Lightning Strikes Staten Island Church Steeple

By Nicholas Rizzi and Alan Neuhauser  on June 25, 2012 12:06pm

Firefighters battle a blaze after lighting struck the steeple at St. Anthony of Padua on Victory Boulevard on Staten Island Monday, June 25, 2012.
Firefighters battle a blaze after lighting struck the steeple at St. Anthony of Padua on Victory Boulevard on Staten Island Monday, June 25, 2012.
View Full Caption
DNAinfo/Nicholas Rizzi

STATEN ISLAND — Lighting struck a century-old church in the Travis section of Staten Island Monday during morning services, causing a fire and extensive damage at the historic house of worhip, authorities and witnesses said.

The bolt struck the steeple of the St. Anthony of Padua Roman Catholic Church at 4055 Victory Blvd., setting the 104-year-old parish ablaze about 8:43 a.m. and ripping a hole through the church's roof, FDNY and church officials explained.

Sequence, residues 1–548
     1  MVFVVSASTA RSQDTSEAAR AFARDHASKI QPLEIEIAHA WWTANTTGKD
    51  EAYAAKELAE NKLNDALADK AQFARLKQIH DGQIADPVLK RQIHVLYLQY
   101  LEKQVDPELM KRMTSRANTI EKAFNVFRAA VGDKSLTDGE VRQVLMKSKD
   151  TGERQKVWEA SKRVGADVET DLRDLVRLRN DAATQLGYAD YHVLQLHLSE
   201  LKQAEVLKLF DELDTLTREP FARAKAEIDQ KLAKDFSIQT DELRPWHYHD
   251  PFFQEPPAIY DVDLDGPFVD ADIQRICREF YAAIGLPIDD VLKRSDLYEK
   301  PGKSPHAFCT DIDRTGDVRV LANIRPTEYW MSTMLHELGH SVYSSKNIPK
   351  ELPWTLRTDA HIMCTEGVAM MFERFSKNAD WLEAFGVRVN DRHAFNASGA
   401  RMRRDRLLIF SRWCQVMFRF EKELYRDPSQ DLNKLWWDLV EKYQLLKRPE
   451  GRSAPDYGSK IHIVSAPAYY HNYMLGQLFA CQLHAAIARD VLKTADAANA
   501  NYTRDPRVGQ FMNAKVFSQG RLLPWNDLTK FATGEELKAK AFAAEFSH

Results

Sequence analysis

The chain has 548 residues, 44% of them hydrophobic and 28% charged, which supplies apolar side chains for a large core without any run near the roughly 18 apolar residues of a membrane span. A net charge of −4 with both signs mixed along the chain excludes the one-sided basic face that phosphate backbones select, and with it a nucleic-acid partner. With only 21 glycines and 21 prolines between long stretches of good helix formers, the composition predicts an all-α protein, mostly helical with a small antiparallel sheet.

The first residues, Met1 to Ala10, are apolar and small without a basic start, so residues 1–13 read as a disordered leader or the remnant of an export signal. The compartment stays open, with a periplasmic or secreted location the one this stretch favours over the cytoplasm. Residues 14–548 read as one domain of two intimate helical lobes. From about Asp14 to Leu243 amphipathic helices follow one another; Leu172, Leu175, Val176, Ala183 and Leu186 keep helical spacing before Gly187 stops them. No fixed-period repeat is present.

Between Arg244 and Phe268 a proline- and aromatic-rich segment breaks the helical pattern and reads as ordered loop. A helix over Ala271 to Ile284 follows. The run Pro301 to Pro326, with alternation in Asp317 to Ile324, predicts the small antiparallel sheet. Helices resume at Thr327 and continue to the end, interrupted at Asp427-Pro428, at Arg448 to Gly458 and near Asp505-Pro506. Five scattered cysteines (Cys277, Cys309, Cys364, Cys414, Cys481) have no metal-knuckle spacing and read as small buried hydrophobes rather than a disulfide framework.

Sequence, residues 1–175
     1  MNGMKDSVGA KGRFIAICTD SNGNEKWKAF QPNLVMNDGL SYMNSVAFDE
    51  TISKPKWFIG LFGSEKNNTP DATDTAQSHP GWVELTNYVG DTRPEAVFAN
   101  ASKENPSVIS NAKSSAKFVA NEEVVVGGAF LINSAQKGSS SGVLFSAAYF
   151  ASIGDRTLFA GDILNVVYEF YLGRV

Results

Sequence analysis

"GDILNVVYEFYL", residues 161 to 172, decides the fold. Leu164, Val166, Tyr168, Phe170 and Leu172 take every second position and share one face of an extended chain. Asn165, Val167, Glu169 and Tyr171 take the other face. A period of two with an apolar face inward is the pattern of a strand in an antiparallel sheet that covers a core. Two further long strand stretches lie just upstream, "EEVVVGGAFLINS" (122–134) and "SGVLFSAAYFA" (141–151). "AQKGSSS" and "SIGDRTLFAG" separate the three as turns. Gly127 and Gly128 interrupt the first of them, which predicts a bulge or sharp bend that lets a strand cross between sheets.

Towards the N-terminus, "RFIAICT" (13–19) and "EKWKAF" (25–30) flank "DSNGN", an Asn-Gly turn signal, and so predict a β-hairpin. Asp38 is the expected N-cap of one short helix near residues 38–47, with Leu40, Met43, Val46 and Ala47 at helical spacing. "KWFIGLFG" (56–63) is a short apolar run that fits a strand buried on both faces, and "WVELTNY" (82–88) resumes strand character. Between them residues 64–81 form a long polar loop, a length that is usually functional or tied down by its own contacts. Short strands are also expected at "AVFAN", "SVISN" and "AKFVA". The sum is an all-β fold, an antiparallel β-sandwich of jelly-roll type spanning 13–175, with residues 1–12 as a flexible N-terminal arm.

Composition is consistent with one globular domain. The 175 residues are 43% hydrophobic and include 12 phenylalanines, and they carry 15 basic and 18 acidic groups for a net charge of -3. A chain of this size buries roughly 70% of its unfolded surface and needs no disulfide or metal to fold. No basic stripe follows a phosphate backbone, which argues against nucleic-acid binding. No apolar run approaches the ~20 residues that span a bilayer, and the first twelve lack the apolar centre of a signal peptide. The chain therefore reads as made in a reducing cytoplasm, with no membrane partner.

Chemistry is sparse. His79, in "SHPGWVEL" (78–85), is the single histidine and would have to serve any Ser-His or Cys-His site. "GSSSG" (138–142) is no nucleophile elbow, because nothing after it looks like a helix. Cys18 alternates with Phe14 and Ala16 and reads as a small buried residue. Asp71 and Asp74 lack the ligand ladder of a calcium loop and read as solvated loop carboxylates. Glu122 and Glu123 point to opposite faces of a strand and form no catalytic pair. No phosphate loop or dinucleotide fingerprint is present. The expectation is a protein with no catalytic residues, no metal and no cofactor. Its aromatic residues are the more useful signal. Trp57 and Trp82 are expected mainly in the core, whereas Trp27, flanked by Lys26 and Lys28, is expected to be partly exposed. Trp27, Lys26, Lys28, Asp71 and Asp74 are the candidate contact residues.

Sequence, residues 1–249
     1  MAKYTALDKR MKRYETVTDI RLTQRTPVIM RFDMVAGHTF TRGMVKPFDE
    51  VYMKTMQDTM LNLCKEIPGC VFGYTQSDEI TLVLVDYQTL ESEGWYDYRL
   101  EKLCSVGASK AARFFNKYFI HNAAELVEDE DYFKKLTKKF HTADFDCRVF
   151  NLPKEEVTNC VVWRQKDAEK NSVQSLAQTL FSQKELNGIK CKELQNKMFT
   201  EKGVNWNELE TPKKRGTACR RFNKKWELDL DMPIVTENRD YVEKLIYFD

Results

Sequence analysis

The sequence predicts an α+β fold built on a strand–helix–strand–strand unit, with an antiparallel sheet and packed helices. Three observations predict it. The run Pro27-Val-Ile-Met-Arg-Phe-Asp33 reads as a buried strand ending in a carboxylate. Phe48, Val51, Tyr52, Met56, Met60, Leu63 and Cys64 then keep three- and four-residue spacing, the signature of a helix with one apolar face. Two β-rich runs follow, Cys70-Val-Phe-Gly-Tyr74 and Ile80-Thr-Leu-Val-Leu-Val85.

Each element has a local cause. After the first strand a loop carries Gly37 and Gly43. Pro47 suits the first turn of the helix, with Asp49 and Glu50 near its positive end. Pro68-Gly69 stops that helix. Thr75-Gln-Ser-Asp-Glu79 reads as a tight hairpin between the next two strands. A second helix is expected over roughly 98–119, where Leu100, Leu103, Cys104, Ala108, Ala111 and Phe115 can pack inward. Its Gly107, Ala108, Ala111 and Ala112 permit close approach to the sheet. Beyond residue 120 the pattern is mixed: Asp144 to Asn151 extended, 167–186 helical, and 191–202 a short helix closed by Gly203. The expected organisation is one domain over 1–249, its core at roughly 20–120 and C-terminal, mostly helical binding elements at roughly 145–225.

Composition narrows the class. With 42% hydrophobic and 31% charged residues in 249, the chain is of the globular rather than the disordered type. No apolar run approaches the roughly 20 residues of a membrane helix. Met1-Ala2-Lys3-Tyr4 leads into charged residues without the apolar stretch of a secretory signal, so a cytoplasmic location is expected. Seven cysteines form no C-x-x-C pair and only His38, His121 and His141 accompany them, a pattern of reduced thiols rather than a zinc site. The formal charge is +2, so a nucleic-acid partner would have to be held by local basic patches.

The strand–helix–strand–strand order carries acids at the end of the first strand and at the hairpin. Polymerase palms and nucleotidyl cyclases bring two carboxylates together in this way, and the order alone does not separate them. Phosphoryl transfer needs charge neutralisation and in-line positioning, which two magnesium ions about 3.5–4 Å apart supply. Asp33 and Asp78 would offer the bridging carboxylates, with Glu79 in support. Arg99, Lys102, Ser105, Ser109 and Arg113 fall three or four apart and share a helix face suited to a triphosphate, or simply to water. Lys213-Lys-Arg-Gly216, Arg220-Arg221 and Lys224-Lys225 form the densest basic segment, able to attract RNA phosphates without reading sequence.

No injuries were reported, an FDNY spokesman said, but lighting startled clergy inside the church at the time, as well as nearby witnesses.

"It sounded like as if fireworks were going off," said Fr. John Wroblewski, who believes the crucifix-topped structure will have to be replaced. "I saw smoke pouring out of the top of the steeple."

Wroblewski was inside with eight others at the time for morning offerings when he saw lighting but didn't know it had struck the church.

"I had no idea the steeple was hit," he said. "I didn't smell anything."

Parishioner Helen Keiling, who has been coming to the parish her whole life and whose granfather helped build the church, rushed to the scene when she heard the lighting strike.

"It was just this big crash of sound," said Keiling, who lives two blocks from the church. "You could tell something was hit. I never thought it would be the church."

More than 60 firefighters in 12 units responded to the blaze, which the FDNY could not confirm was caused by the lighting.

"We're just praying there's not a lot of damage," Keiling added. "It's very special to all of us."

Wroblewski, who is leaving the church this week after 13 years, said the damage could take a substantial toll on the parish.

"It's going to be an expensive proposition," he said.

Advertisement

Advertisement

Advertisement